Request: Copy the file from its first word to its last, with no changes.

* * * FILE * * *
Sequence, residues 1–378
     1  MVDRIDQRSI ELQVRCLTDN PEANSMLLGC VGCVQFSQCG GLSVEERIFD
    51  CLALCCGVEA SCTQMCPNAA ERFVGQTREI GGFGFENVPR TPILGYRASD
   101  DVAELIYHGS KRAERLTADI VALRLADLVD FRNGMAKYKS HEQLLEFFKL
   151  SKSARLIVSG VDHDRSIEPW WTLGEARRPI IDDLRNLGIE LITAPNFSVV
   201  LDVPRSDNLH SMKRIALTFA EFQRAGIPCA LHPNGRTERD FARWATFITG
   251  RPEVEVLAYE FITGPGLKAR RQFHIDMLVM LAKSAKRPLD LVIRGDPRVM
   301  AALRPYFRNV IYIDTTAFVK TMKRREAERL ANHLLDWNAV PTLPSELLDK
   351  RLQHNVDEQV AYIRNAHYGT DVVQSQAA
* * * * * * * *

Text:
Sequence, residues 1–378
     1  MVDRIDQRSI ELQVRCLTDN PEANSMLLGC VGCVQFSQCG GLSVEERIFD
    51  CLALCCGVEA SCTQMCPNAA ERFVGQTREI GGFGFENVPR TPILGYRASD
   101  DVAELIYHGS KRAERLTADI VALRLADLVD FRNGMAKYKS HEQLLEFFKL
   151  SKSARLIVSG VDHDRSIEPW WTLGEARRPI IDDLRNLGIE LITAPNFSVV
   201  LDVPRSDNLH SMKRIALTFA EFQRAGIPCA LHPNGRTERD FARWATFITG
   251  RPEVEVLAYE FITGPGLKAR RQFHIDMLVM LAKSAKRPLD LVIRGDPRVM
   301  AALRPYFRNV IYIDTTAFVK TMKRREAERL ANHLLDWNAV PTLPSELLDK
   351  RLQHNVDEQV AYIRNAHYGT DVVQSQAA